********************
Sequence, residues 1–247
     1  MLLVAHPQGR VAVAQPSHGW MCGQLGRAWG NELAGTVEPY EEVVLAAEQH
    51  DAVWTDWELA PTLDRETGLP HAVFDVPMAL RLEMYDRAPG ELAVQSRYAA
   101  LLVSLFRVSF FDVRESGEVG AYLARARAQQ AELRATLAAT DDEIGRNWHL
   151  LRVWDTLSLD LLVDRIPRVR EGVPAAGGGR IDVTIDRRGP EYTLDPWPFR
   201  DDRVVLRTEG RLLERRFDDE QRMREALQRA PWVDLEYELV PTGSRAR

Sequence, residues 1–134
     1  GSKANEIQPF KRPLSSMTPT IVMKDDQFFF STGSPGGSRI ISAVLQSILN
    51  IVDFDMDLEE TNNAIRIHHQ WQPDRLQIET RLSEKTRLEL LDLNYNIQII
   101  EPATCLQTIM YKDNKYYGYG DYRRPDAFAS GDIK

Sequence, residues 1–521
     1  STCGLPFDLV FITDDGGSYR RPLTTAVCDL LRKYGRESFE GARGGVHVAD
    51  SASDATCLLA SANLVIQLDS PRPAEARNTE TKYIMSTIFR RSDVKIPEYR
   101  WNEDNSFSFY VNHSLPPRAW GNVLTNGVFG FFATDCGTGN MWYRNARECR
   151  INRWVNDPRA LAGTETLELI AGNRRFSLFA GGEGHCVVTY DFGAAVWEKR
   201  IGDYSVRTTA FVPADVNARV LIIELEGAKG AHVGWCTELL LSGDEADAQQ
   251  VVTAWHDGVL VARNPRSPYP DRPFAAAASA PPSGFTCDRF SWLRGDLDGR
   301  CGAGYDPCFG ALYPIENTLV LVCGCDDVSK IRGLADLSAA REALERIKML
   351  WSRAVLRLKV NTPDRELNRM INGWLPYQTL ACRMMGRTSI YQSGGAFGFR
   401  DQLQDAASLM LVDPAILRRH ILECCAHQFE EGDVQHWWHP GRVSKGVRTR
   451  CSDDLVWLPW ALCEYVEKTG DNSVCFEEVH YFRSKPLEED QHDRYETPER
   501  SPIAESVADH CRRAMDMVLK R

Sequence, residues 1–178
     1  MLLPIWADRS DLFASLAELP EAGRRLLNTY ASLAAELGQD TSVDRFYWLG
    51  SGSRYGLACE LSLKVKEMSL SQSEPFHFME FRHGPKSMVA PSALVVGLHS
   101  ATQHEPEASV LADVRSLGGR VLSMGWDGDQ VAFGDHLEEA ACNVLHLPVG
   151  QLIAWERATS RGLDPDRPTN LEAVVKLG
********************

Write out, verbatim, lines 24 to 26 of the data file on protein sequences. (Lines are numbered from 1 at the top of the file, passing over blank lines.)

     1  MLLPIWADRS DLFASLAELP EAGRRLLNTY ASLAAELGQD TSVDRFYWLG
    51  SGSRYGLACE LSLKVKEMSL SQSEPFHFME FRHGPKSMVA PSALVVGLHS
   101  ATQHEPEASV LADVRSLGGR VLSMGWDGDQ VAFGDHLEEA ACNVLHLPVG